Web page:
Wednesday, November 30, 2005

Nominalism Didn't Make Him Do It

I've been reading Eric Mascall's The Recovery of Unity (958) lately, thanks to Bill Tighe who sent me a copy. Mostly, however, I'm not very impressed. His overall theological framework followed that of Dix closely (for my comments on that see here), arguing for a less clericalist view of the sacrifice of the Mass, in which the body of Christ as a whole -- not just the priest -- offers the body of Christ to God the Father. He is a bit more cautious about bringing the offertory into the sacrificial act and more aware of the possibility of a low view of sin that might be result from that.

Theologically, he followed Louis Bouyer in seeing the Reformation as a confused and damaging attempt to escape the serious errors of late medieval scholastic theology, especially nominalism, a subject about which Chris Jones once made a post here.

But I find this argument unconvincing. First of all, nominalism appears to be far more complex and multivocal theologically than Bouyer allowed, having theological positions "all over the block." Alistair McGrath has made this point at length (I summarize it here).

Further, he argues that because of nominalism Evangelical theology cannot assign any meaning to the idea of sanctification, and hence flatly denies its possibility, something which I was not aware Evangelical theology asserts. Evangelical theology denies that one can find assurance in sanctification, but it does not deny that sanctification happens; indeed sanctification inevitably takes place in the believer. Mascall offers no citations of Luther -- or of the nominalists, most of whom were completely comfortable with the Catholic affirmations that Luther denied -- and without that he's hard put to convince me that he's really hit the key points.

I'm also a little wary since he obviously gets wrong the root of Luther's objection to the "sacrifice of the Mass" idea; it's not fundamentally about whether Christ must die numerous times, so much as it is about synergy of sinful man with Christ in propitiating God. A Catholic might argue that Luther's wrong, but that's the major argument that has to be met.

Nor can I follow Mascall when he follows Bouyer in saying that Erasmus was a good Catholic Christian who was just forced by his nominalism (shared with Luther) to sound like a Pelagian for whom the grace of Christ hardly matters. I've read Erasmus against Luther -- several times -- and I have concluded he WAS a Pelagian for whom the grace of Christ hardly matters. Nominalism did not force Erasmus to write "St. Socrates, pray for us."

And finally of course there is the missing Bible. I would like to suggest that one's interpretation of a relatively small number of passages will determine one's theology.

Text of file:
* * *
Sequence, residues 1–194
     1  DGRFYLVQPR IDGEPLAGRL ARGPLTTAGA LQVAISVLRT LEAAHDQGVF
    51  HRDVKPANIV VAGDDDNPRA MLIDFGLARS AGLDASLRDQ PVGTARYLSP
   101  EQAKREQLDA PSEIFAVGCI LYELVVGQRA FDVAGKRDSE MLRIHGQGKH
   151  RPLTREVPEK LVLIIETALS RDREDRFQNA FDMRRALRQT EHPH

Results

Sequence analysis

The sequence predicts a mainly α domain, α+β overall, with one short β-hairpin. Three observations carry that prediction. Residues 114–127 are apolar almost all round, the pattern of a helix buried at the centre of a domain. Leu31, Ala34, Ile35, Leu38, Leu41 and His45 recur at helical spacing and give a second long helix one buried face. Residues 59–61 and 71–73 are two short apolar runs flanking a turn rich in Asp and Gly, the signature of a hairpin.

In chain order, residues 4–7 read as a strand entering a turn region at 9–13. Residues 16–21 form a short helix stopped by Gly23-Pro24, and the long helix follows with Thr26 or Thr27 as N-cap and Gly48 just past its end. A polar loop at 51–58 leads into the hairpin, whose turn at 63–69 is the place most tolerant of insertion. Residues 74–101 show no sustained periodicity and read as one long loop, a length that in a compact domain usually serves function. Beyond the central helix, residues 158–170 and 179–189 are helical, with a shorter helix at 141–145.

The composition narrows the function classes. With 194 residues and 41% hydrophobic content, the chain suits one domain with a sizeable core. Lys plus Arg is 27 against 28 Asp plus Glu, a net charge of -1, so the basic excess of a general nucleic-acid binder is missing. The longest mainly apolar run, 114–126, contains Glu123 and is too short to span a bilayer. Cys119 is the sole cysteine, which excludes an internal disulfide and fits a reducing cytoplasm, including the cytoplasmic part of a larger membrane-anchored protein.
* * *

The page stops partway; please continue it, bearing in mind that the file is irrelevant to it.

For example:

Romans 7:14-25: Is this about Paul as an unbeliever, as a new convert, or as a mature believer? Jerome said the first, Augustine the second. The second leads straight to simul iustus et peccator.

The Law Paul says cannot give righteousness in Romans and Galatians: is it only the ceremonial law as Jerome says, or does this inability extent to the moral law, and the Ten Commandments, as Luther said? If the first, justification by faith apart from the Law is simply a minor piece of anti-Jewish polemic. If the second, it is a fundamental fact about the role of moral actions in religion.

Deuteronomy 30:19 "This day I call heaven and earth as witnesses against you that I have set before you life and death, blessings and curses. Now choose life, so that you and your children may live" When God calls on us to make existential choices like this, or in the words of Jesus in the sermon on the mount, does this mean we necessarily have the ability to do the things commanded, to make the right choice? Those who say yes, like Erasmus and Rodney Stark and many others, will believe in a Pelagian free will and interpret all the Bible as a law book. Those who say no will have no reason to see what Paul says about the world-wide unshakeable dominion of sin in Romans 3:9-20 and Galatians 3:22 and the bondage of the will in Romans 7 and 9 as hyperbole and "exaggerating to make a point."

If someone could show me how nominalism can change your belief about what Paul was talking about in Romans 7 or the precise referent of "Law" in Galatians, then I would be willing to see it as crucial to the Augsburg Evangelical Reformation. Otherwise, not.

I've provided some follow-up for the points made here in these posts:

Who Is "The Man of Romans 7"?
More on Luther, Augustine, Jerome, and Paul's Epistles
Jerome and Augustine Again
Is Circumcision Sinful in Itself for a Christian?